2016 had a lot of levels of crazy to go around.
The year kicked off with an amazing album by David Bowie. The single Backstar was released in late 2015 and was one of my favorite songs when the album dropped. Things seemed promising. Then one morning as I was singing Blackstar before work, I heard the news that Bowie had died.
I don't remember if Bowie was a topic with each of the guys when I asked them to join this band, but I do remember asking Mike to join the band over some beers at Charlie's Kitchen. As we settled our tab, we agreed that late 70's Bowie would be our ideal sound.
In late January 2016 Pale Monsters hit the studio to record our debut. We'd been practicing together for a big chunk of 2015, but this made it official. We named the band just before hitting the studio. This was a thing.
Starting something new is exciting and 2016 gave us, and especially me, the taste of bringing something new to life.
As Spring progressed, we began being a band. We booked shows, made progress on the album and did all that promotional stuff, like launch a website and shoot a video and some photos.
Then Prince died. I've done two cover shows in my life. One was the Rolling Stones, and the other was Prince. Mike played both shows with me. It seemed fitting that we'd lose Prince and Bowie in the same year. They both came from another planet.
When Pale Monsters released Take What You Can Take, I didn't write much about about the cover, but the album cover was chosen because of its relevance: It's a wall.
When we were prepping for the release, I didn't think walls would be topical for much longer. Our political discourse had been consumed by talk of building a wall to keep people out. I figured come November all that talk would be over, but the thought resonated with me on a dystopian level. A lot the lyrics on Take What You Can Take try to hit on that general malaise of anxiety in modern life.
The blue sky above the wall is supposed to symbolize hope. I always try to choose hope or love over fear. I hope I would have chosen the same message in November. I try to stick nuggets of hope in my songs, like in I Don't Really Wanna Care No More:
I begin to see the light
I may never get it right
I try tonight
I try tonight
There's the obvious (if you know it) lyrical Velvet Underground reference and the obvious (if you listen to it) Pulp reference in delivery.
A lot of lyrical themes in Take What You Can Take made me sad as the year came to a close, because I found them to be more relevant now than when I wrote them.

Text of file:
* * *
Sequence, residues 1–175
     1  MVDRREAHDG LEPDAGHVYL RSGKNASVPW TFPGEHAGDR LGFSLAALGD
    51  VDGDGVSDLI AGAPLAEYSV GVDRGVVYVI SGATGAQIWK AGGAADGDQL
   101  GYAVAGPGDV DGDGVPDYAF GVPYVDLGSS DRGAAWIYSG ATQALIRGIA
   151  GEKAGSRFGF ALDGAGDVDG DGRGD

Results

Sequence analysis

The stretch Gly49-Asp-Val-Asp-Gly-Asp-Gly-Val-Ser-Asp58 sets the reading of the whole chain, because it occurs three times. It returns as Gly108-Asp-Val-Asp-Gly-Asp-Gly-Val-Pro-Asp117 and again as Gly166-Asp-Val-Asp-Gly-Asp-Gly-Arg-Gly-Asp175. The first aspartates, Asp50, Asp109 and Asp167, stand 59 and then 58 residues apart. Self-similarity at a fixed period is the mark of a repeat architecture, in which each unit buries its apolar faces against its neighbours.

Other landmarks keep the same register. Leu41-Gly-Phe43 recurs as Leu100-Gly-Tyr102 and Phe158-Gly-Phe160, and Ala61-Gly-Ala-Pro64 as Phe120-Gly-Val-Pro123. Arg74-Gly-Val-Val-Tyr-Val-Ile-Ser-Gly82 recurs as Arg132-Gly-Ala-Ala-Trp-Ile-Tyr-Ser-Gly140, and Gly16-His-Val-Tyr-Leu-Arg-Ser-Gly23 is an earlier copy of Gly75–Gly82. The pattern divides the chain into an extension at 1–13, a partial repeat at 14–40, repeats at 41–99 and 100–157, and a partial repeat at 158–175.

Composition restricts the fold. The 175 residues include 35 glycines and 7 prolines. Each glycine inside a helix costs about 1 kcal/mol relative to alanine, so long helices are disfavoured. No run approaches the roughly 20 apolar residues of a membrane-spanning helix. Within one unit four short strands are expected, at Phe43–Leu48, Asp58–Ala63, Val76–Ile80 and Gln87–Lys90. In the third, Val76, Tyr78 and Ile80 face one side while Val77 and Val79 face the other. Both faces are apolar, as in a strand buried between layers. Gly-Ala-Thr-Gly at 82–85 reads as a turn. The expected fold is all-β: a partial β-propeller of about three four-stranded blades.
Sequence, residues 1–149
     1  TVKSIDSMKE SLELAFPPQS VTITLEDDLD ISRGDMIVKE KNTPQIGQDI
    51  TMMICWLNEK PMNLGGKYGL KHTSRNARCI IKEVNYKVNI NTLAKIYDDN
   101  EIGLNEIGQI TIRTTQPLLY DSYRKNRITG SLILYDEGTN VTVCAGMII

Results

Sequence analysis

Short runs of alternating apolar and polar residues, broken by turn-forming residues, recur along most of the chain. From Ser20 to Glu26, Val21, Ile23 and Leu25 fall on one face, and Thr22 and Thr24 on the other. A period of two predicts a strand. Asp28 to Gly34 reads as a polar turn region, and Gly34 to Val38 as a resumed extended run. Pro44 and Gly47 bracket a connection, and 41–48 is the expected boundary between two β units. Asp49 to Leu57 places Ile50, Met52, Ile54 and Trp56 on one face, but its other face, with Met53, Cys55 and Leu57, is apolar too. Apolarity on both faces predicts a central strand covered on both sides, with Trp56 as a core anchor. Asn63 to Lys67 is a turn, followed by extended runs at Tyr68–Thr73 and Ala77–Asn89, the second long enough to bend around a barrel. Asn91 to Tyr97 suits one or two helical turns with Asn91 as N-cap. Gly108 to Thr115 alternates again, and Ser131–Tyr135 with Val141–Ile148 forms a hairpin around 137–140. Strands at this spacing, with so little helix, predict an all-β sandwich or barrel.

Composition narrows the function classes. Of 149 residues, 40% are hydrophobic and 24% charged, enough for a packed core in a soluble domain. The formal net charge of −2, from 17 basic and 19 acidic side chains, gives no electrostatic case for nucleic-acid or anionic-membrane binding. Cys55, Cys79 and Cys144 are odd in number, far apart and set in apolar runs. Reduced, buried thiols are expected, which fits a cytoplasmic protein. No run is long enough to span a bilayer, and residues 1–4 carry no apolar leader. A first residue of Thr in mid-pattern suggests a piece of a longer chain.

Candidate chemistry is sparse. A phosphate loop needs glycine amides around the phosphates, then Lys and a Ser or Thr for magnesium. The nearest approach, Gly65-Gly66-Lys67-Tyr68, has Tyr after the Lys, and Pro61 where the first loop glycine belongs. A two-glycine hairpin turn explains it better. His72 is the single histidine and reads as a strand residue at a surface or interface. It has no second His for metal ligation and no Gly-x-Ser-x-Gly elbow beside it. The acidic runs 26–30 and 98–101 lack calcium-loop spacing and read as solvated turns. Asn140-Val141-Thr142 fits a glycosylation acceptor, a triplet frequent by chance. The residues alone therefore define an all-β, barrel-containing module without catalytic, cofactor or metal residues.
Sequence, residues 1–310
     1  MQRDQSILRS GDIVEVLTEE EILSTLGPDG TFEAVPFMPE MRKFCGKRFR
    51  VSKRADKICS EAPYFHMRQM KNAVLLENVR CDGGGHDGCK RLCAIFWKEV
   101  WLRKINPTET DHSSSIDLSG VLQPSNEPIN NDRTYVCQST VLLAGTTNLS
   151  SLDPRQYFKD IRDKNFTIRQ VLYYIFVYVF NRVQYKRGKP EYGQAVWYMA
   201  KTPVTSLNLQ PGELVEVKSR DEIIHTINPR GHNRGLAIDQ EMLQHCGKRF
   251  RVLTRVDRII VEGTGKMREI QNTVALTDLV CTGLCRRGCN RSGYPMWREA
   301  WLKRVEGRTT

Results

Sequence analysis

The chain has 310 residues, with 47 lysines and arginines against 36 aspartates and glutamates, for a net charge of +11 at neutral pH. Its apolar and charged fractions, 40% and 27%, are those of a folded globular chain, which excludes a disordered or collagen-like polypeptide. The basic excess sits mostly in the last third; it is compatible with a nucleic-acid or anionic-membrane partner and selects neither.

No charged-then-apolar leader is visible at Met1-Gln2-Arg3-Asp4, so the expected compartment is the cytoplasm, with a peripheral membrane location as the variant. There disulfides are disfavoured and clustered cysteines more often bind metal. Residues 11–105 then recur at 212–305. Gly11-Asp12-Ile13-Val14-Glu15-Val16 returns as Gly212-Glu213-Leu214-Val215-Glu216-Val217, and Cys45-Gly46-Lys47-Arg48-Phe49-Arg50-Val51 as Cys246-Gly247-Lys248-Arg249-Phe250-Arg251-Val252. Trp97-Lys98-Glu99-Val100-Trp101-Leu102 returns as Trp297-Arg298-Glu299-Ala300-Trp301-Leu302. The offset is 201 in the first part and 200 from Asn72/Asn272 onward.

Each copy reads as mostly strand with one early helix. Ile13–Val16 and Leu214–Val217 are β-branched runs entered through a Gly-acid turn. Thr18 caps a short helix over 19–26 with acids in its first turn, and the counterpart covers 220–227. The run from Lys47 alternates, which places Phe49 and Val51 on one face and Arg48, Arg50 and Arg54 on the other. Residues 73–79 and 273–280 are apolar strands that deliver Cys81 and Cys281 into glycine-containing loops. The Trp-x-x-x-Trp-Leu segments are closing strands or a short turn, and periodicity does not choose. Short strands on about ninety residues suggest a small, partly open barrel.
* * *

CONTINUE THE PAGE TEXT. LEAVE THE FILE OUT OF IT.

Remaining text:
The song Everybody (Take What You Can Take) has a line I borrowed from Leonard Cohen:
Everybody knows This thing that I know
That the war is over
And that the good guys lost
The line kicked ass when Leonard Cohen wrote a better version of it in 1987, so I figured it was
an easy win. In its merciless artistic purge, 2016 saw Leonard Cohen put out a great album just before he too was shuffled off this mortal coil. I don't know how he'd feel to see the good guys lose so profoundly, and the game get rigged so badly.
After we released the EP, we had some pretty big life events in the band. Travis got married (sorry ladies), and my wife and I celebrated the birth of our first son, Dylan.
The birth of Dylan was an amazing change in my life. Pale Monsters dropped off a bit as I learned what it truly meant to put someone else above myself all the time. It's all sorts of crazy that everyone ever said it was.
It also made the election a few months later that much more horrifying for my wife and I. We feel like we can deal with the fall out, but we want a better world for Dylan.
I remember watching the polls come in on November 8. My wife had not followed politics as closely as I have throughout her life. It's always been a staple of mine. Shortly after 10 PM, I knew what was happening. I'd seen this movie before. I remember my wife saying, "There's no way he's going to win." She was barely nervous. I was already scared.
That weekend as I was reeling from the new reality, I watched Saturday Night Live. Fittingly the show opened with a cold open, Kate McKinnon as Hillary Clinton performing Leonard Cohen's Hallelujah. The most over-covered song ever performed in the most perfect light. It hit.
Then there was the main attraction - the show featured David Chapelle making his return to sketch comedy. It was great. Everything I hoped it would be in all the right ways. But there was
something else that really moved me on November 12.
2016 saw Tribe Called Quest release their first album in 20 years. Like so many albums in 2016, it was marked by death. Phife Dawg died during the recording. It turns out their last album is one of the year's best. Not surprising given their catalog, but it is amazingly pertinent to now. And in very 2016-fashion, it has death stitched to it eternally.
I don't know if Tribe expected their lyrics to be as poignant as they now are in the new reality, but watching them perform on SNL a mere days after the election inspired me. I knew that night that I had to stop licking my wounds and do something. They gave me strength.
I can't find it on YouTube or Vimeo, but here is a bootleg of their performance of The Space Program that night (link).
2016 came to a close. I don't know what happens next, but I know that we need to stand up, fight for what's right, and make something happen.
Dawn broke on November 9, my son is growing stronger every day, and Pale Monsters has new music just around the corner.
Let's do this.